Via search-colored lenses.
There's probably little, if any, point in asking whether the ultimate triumph
of the search box over all other browser components is a good, or a bad, thing.
It seems to be happening, and we'll simply have to adjust.
I suppose that it can't hurt that we're streamlining browser functions - we hopefully
learned long ago that having more buttons to push on doesn't make for a better
user experience. One of the most positive aspects of Google in its earliest stages,
after all, was paring down search to one simple box,
rather than cluttering the main search page with superfluous buttons and tools.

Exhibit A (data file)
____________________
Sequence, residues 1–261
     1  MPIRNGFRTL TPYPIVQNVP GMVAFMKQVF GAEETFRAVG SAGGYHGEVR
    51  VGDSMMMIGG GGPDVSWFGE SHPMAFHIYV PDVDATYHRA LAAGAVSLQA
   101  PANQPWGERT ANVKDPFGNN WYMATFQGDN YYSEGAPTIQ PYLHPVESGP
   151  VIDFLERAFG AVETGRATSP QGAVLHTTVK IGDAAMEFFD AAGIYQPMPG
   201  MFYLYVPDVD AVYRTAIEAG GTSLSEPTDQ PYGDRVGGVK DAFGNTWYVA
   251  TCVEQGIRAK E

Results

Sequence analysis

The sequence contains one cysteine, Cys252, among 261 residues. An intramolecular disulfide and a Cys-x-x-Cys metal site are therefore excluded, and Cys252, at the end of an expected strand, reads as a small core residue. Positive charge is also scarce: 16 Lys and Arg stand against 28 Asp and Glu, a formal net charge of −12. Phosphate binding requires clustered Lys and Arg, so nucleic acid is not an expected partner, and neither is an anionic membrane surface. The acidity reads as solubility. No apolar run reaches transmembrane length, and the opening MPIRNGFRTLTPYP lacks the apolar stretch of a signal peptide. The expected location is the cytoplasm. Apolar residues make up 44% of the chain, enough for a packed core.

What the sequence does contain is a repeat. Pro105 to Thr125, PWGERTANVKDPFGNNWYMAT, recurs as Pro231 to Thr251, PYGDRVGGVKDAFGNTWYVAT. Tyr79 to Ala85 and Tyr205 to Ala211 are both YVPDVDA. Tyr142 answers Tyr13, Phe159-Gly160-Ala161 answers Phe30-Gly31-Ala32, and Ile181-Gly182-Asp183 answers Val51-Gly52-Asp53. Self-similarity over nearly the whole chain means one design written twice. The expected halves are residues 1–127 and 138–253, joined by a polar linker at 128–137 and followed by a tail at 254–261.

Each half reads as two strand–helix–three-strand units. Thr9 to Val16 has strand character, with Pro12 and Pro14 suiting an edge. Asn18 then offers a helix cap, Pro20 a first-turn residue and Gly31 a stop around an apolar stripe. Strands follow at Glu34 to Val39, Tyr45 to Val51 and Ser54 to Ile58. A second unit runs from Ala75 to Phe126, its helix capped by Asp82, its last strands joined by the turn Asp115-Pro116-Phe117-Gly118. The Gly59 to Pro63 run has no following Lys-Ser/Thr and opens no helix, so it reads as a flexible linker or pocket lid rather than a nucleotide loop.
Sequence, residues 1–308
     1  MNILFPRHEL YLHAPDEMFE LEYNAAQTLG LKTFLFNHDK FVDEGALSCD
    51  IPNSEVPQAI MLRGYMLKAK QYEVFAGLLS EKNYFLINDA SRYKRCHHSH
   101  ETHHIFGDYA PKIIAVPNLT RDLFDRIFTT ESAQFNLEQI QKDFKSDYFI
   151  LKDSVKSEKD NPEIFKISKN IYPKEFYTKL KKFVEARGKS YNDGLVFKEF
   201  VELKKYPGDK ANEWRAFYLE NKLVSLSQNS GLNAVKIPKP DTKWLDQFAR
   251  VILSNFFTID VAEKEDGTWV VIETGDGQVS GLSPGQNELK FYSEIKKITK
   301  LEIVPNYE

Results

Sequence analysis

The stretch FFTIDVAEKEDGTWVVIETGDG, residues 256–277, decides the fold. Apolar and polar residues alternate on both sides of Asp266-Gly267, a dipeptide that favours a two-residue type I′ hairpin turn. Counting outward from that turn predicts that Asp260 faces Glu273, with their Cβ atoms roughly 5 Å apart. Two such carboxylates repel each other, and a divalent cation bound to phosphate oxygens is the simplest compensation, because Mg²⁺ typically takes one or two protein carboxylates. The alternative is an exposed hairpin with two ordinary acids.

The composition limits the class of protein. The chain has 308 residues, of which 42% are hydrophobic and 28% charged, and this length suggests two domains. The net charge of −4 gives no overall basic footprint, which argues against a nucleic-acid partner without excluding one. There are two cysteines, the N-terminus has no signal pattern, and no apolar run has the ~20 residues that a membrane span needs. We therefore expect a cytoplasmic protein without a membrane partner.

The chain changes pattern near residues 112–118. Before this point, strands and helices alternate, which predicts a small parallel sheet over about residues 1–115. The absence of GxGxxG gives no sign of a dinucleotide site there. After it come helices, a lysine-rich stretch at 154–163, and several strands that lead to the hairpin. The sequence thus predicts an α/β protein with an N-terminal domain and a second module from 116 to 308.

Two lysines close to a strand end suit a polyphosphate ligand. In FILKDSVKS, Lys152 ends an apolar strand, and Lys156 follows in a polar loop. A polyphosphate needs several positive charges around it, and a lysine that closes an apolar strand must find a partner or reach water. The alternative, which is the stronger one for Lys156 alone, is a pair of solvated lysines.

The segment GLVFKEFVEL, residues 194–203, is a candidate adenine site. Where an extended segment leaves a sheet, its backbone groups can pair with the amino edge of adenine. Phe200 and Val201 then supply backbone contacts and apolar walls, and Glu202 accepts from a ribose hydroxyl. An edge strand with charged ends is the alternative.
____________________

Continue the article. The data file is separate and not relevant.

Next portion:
And yet, I can't help but sense that accompanying this desirable streamlining
is a much less desirable simplification, a simplification of how we view, and
understand, our world. When we approach any and all information as "searchable",
we may be proclaiming that everything is "findable", but we're also
acknowledging that our world is constructed of two separate components - the world
of what we "know", and beyond that, a world of confusion, of disarray,
a world that rather than begging to be organized or ordered, remains "beyond"
precise definition, and into which we dare tread only in order to extract a snippet
of information here or there, but surely not in order to make it our own.
Go to: Search Rules!